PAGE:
KARACHI: The All Pakistan Newspapers Society (APNS) and the Council of Pakistan Newspaper Editors (CPNE) have criticised the federal cabinet’s decision to set up the Pakistan Media Regulatory Authority (PMRA) that is to replace the existing bodies regulating print and electronic media.
The APNS termed the decision a particularly regressive measure and the CPNE described it as a move aimed at curbing the freedom of print media.
In a press release issued on Friday, APNS President Hameed Haroon and its Secretary General Sarmad Ali expressed concern over the move and said it was the “most regressive measure against the media”.
The existing media laws — namely the Press Council Ordinance; Press Newspapers, News Agencies and Books Registration Ordinance; and Pemra Ordinance — were being annulled that were enacted after protracted dialogue and consultation between the government and the media organisations, they said.
And the proposed PMRA was being formed without any consultation between the stakeholders, contrary to the firm assurances given in this regard by Iftikhar Durrani, the special assistant to the prime minister on media, and Fawad Chaudhry, the federal information minister, they added.
The APNS office-bearers said it would be impractical to bring print and electronic media (i.e. television, radio, social and digital media) under one regulatory authority. “The broadcast and digital media can be brought under one umbrella but print media, being different in nature…, cannot be lumped with them. Even, in developing countries, print and electronic media are treated separately,” said their press release.
They pointed out that the information ministry had not provided the draft of the proposed PMRA to APNS but only disclosed some salient features of the new body, which included a licensing system to control the media and composition of the authority to administer the media. However, the draconian “teeth” relating to terms of licensing and punishment of any breach had been concealed.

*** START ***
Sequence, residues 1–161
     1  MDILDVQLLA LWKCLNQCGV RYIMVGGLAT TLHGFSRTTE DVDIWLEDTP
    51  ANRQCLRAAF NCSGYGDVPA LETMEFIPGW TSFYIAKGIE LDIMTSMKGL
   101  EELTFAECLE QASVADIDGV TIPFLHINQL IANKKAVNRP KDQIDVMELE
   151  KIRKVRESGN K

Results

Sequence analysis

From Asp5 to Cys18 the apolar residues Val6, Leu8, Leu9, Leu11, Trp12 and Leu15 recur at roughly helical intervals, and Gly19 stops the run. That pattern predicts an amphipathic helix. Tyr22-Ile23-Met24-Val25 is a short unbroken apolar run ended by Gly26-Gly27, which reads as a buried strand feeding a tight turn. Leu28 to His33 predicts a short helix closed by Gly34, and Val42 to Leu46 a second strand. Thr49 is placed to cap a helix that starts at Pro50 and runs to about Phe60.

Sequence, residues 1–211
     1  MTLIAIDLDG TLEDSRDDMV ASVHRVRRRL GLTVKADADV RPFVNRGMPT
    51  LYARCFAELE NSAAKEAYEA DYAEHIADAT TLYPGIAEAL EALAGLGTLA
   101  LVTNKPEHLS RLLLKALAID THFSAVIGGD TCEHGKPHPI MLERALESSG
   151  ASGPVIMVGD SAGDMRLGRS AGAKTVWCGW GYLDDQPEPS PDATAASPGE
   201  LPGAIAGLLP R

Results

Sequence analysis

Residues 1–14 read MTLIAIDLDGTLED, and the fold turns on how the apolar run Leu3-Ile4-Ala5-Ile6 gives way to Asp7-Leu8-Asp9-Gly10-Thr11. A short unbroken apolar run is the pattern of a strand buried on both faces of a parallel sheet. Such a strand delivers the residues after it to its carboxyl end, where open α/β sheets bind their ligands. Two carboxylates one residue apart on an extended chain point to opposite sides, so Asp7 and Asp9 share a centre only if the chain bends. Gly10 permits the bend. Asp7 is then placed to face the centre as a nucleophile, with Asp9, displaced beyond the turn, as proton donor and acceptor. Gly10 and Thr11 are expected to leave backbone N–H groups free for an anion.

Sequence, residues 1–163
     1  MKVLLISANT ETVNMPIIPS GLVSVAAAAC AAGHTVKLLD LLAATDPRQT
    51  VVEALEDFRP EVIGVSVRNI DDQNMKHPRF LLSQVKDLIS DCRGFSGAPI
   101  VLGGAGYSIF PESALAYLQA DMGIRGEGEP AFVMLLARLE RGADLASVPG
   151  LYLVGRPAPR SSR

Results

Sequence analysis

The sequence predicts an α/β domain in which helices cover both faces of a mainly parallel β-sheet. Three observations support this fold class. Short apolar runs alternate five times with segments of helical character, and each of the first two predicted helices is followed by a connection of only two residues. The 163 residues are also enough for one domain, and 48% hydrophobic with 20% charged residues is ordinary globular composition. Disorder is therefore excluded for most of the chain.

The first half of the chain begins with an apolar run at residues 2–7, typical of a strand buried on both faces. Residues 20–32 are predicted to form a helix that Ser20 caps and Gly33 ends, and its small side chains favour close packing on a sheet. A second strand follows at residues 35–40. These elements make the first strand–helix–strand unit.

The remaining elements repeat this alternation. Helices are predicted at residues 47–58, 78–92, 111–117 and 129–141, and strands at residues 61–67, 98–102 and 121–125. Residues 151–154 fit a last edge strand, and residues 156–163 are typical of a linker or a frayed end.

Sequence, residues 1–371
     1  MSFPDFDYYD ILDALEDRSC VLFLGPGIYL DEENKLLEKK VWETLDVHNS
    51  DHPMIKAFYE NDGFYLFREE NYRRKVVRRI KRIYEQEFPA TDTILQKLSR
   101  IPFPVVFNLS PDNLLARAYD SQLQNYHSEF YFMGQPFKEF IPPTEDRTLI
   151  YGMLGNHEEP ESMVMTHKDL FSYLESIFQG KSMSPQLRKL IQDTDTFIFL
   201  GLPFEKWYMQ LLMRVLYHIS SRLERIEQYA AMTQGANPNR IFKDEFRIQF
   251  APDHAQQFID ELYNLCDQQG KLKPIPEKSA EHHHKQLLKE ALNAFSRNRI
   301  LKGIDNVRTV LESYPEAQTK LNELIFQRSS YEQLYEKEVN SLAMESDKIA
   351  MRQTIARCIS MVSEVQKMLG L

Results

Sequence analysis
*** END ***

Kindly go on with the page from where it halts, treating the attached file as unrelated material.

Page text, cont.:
“It seems the officials of the Ministry of Information have dug out the notorious PPO, promulgated by military dictator General Ayub Khan, from the dustbin of history and presented it with a new title, which is not acceptable to the media in the country,” said the press release.
“The APNS is of the considered opinion that the proposed licensing system and measure intended to tame, control and subjugate the media are in gross conflict with Article 19 of the Constitution and basic human rights.”
The APNS office-bearers also pointed out that after the 18th Amendment, any legislation in relation to newspapers, books and printing presses had become an exclusive provincial subject and any attempt by the federal government to form such an authority would be in contravention to the Constitution.
“However, the federal government is trying to bring e-papers of newspapers under the ambit of this authority and impose its draconian laws on print media indirectly after bypassing the Constitution,” said the press release.
The APNS office-bearers urged the federal government to ensure a meaningful dialogue and consultation with all the stakeholders in the media before setting up the proposed authority.
For their part, CPNE President Arif Nizami, Senior Vice President Imtinan Shahid and Secretary General Dr Jabbar Khattak said that efforts aimed at controlling media in the name of regulating them would never gain popularity and support in the country.
“The CPNE believes that although improving media laws in the light of requirements of the Constitution and aspirations of the people is the need of the hour, it’s vital that before formulating any such formula or law all the stakeholders are consulted,” they said in their press release.
The CPNE office-bearers said there was no need for special laws for the print media and therefore they should be allowed to function under “normal laws”.